Mr K P Patil recalled that the saplings his son Ravi planted as schoolboy are now nicely grown trees in Bhadravati,Shimoga district. When the Patils moved to J P Nagar in 2003, they planted outside their house a couple of honge,representing their college-going daughter and son. Smitha,now an IT professional is married and has moved to Bangalore.Son Ravishankar, an Air Force squadron leader,is based in Bareilly.

Sqd. Ldr. Patil retains his passion for tree-planting.Saplings for street-planting are home-grown by Ravi’s mother, Lalitha, in their backyard. The honge on their house front provides seeds. Lalitha reuses empty Nandini milk packets by filling them with manure mixed soil. Seeds sown in Nandini packets are nursed into saplings, three to four months old.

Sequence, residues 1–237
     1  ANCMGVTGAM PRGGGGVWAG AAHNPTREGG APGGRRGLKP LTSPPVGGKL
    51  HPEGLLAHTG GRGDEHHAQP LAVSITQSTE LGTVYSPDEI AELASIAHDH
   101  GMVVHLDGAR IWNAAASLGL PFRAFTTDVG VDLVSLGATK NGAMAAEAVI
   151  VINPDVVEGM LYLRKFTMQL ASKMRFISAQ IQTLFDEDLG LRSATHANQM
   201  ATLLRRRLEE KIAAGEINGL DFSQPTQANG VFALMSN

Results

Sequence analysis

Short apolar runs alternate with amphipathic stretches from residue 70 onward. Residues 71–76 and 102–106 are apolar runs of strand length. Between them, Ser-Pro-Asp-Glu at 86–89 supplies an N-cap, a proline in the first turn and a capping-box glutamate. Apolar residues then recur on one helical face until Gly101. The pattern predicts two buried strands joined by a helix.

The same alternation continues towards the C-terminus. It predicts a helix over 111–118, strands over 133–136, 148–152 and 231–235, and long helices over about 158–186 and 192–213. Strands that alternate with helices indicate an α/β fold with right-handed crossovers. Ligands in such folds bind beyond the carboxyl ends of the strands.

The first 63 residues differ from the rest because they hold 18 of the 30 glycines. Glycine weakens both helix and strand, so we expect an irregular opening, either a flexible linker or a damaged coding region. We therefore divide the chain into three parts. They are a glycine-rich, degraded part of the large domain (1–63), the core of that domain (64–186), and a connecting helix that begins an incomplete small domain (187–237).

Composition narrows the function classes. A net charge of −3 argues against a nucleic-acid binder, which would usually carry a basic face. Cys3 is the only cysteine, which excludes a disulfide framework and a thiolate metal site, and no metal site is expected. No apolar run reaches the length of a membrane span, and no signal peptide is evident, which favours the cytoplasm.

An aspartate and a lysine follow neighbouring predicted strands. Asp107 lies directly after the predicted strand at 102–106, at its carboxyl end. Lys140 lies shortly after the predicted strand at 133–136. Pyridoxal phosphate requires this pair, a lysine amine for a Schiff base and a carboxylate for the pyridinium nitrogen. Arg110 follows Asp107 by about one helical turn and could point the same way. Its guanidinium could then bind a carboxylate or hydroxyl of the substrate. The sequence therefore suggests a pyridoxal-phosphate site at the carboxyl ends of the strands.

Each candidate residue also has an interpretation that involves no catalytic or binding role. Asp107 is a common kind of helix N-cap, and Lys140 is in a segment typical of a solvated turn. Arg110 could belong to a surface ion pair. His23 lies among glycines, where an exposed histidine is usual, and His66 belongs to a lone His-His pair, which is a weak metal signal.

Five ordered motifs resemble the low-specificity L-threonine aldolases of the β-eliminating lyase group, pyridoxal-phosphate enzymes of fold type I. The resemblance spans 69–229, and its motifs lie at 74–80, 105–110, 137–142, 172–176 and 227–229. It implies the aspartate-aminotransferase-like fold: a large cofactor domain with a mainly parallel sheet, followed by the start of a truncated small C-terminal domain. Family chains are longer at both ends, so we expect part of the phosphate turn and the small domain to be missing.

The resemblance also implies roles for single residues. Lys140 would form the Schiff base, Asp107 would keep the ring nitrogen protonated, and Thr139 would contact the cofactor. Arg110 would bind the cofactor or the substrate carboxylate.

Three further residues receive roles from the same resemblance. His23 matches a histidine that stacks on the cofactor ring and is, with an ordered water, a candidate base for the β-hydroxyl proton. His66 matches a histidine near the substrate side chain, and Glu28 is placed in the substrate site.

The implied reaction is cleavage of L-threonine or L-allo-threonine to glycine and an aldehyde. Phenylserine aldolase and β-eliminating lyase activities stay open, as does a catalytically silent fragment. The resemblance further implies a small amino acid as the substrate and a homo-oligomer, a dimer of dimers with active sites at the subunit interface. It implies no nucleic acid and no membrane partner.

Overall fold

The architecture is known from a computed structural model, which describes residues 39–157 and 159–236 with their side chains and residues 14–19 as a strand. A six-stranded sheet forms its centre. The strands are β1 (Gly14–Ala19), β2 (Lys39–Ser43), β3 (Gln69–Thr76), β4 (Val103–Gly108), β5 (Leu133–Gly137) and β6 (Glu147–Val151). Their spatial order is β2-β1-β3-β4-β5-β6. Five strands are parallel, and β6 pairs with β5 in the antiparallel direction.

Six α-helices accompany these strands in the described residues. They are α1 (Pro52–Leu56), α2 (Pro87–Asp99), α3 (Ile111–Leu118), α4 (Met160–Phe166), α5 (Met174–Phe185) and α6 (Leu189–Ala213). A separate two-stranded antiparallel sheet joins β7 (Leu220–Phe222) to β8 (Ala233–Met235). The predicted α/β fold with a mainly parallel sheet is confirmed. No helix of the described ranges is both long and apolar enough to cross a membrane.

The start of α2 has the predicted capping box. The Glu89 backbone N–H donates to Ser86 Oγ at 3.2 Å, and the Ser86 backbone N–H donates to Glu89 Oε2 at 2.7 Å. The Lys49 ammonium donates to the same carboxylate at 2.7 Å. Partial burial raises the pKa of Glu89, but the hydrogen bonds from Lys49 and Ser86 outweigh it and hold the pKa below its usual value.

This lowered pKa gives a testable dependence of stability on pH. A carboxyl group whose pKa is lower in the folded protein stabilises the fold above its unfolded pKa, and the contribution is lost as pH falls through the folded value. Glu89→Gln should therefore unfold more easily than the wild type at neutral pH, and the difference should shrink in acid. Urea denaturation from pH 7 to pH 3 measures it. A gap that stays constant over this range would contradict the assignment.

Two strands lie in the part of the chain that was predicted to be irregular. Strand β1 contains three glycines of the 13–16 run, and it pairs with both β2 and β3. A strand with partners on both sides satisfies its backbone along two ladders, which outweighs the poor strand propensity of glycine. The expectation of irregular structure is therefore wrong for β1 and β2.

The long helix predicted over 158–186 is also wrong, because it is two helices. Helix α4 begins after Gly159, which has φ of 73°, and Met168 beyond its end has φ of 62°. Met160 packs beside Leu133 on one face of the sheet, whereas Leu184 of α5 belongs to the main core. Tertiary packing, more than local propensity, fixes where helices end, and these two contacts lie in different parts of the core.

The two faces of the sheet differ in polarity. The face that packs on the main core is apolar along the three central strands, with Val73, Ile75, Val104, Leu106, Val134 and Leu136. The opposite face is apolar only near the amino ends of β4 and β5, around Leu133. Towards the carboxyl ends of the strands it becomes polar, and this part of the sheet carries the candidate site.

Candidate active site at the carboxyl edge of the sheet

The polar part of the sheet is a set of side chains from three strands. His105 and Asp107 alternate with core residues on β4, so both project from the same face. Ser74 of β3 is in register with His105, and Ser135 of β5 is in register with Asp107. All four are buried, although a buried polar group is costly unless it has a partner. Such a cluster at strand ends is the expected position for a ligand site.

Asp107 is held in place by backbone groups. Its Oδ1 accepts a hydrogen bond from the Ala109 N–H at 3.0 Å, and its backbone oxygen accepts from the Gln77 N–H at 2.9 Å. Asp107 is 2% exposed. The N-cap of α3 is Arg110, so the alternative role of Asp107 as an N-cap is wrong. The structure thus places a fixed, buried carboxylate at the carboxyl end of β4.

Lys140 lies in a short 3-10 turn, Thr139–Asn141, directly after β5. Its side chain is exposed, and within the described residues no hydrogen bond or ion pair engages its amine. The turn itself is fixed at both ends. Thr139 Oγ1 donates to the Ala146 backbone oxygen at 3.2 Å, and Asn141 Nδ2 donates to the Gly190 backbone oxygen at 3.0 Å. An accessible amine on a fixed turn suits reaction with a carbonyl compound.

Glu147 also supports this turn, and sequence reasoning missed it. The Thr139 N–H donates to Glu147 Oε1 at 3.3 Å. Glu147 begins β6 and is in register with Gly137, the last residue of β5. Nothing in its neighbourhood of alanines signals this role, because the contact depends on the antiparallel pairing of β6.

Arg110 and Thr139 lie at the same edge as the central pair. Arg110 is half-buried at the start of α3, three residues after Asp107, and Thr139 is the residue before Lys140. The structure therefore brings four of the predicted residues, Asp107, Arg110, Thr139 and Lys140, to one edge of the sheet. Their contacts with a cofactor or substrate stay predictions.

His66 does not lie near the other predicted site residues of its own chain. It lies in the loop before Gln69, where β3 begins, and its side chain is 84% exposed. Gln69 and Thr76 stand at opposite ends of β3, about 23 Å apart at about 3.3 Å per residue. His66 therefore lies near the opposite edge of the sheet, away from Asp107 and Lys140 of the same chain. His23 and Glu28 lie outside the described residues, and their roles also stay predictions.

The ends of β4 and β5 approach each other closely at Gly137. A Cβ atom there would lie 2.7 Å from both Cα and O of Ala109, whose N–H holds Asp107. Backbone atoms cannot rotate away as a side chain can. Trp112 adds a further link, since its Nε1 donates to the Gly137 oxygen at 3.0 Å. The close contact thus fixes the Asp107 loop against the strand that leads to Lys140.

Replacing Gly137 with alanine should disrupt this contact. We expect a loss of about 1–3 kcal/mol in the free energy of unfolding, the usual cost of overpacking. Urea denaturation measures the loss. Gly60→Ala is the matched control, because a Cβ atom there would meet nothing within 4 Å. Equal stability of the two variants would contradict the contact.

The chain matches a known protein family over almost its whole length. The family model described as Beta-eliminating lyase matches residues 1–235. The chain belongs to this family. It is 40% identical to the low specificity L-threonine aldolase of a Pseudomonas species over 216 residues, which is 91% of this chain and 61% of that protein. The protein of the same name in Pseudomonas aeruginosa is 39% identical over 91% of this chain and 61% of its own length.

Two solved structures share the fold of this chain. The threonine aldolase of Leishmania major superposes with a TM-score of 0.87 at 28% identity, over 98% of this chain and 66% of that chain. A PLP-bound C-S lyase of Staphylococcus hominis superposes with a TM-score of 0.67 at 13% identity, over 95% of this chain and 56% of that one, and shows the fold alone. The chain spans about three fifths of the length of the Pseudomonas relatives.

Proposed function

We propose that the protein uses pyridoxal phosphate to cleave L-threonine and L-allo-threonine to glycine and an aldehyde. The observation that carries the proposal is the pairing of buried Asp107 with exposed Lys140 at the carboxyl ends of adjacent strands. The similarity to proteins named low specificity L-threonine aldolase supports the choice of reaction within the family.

Apart from giving them away to other households, Lalitha prepares ready-to-plant saplings for her squadron leader son who comes home on leave every eight to ten months.

Sqd. Ldr. Patil would like to see his street covered with saplings before leaving Mysore on July 10. His regret: many of the saplings he planted during his last Mysore visit in August have perished during street-widening by the local authorities. Those who wish to wish him better luck this time could e-mail rsppatil@gmail.com

Friday, June 18, 2010

Gurukar's plants

Honge planted around MUDA Circle on JLB Rd. in April is coming up well.Fresh leaves have sprouted on the tip of these saplings, planted seven weeks back.These saplings are special for Friends of Roadside Trees, for we discovered Mr K R Gurukar here.

Wednesday, June 16, 2010

On the campus

The road on which Mysore University vice-chancellor's residence is located. Stays cool round the year.